The acting is solid, but the characters don't grow in meaningful ways. Everyone does open their eyes to the truth, which is objectively satisfying. But the growth seems too pat. The love interest swoops in to help out of nowhere, after dumping on Jonathan the whole movie. The mayor (Paul Sorvino) skates by on a one-note performance. Perhaps the best transformation is that of Randy Quaid's Phil, who struggles but does the right thing. Rob Morrow's portrayal is presumably accurate as he incorporates good and the bad sides of Jonathan. Somehow his mannerisms seem forced or self-conscious. Rob Morrow does fit in well with the '70s vibe; I could see him as a leading man in that era.
The audio is passable and nothing more. The soundtrack is a bit overwhelming at times, swelling with patriotism and/or menace. The brutality sequences are boomy and echoey. I can't tell if the sound was a throwback to the '70s, if so I would be more forgiving. But if you are looking for a speaker workout, this is not the film for you.
The video is also shoddy. The colors were muted, the contrast poor. There were massive amounts of grain and scratches. Again, this gripe is invalid if they were shooting for a 30-year old look. Without knowing the intent of the filmmakers, I have to judge the video quality by what I see, which is poor. Had there been an extra explaining the look and feel of the movie, I could wholeheartedly congratulate the filmmakers. But sadly, no such extra exists to clarify for us.
How'd you like that segue into the extras? I didn't know Paramount was spelled N-O-E-X-T-R-A-S. Nothing to see here folks. Move along before I call the white bunny.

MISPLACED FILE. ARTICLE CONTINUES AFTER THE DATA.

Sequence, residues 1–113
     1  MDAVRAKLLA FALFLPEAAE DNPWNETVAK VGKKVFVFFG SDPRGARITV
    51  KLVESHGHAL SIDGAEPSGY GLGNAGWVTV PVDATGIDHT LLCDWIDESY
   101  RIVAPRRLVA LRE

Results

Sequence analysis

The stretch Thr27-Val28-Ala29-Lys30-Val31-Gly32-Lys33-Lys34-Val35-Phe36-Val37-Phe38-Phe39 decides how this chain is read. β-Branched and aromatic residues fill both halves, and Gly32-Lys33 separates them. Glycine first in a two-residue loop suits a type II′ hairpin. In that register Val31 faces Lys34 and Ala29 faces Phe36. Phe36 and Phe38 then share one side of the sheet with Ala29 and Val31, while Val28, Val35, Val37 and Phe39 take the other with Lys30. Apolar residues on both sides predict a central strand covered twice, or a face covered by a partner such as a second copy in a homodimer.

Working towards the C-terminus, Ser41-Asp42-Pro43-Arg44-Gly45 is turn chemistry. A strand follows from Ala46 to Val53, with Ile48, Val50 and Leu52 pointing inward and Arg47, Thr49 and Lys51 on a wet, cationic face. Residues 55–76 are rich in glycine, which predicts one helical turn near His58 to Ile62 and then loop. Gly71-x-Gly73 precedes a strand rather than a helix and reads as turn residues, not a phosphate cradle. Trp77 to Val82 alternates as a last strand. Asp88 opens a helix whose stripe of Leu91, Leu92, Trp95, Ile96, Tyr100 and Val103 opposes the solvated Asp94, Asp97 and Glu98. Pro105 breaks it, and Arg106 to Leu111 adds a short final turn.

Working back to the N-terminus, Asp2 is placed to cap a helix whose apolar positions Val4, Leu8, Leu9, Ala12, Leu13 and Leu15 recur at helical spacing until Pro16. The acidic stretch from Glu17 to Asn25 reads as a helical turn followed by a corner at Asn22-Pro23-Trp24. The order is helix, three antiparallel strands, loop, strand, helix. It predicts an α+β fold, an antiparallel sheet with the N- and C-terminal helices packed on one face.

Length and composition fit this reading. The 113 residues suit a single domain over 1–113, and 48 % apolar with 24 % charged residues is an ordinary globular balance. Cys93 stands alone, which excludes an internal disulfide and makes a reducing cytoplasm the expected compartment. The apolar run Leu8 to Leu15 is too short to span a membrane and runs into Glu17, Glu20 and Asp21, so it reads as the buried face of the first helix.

The Rebuttal Witnesses
The one constant thread is journalistic integrity. In that sense, The Thin Blue Lie is an uplifting tale of honor and persistence. Jonathan Neumann is a stellar journalist, and it is nice to see true stars doing what they love.
The feel of the movie is its strongest point. The '70s vibe is convincing. For half of the movie I wondered whether it was actually shot in 1976. The telephones are clunky, the colors are brown, the cars are funky jalopies. The attention to detail, not only in set but cinematic style, is impressive.
There was a good amount of tension at the bookends of the movie, with a rather sizeable lull in the middle. Most of the tension comes from the "bad" guys, who are the detectives. The most powerful scenes involve them. One of the best things about The Thin Blue Lie is the sympathetic outlet given to the cops—doing what they have to do to remain alive and employed. In one creepy, atmospheric sequence, Jonathan meets the police on their own turf and winds up in a graveyard.
Sometimes a TV movie is just a TV movie. Not good or bad, just indifferent. If you enjoy a good TV movie to fill a couple hours, this one fits the bill. As far as the DVD goes, this isn't one I'd clamor to have in my collection. There are no extras and little replay value, and the audio-visual aspects are not at all compelling.
Rob Morrow and Randy Quaid are free to go. Paul Sorvino is given a citation for jaywalking. Paramount is sentenced to two hours in the interrogation room with the white bunny.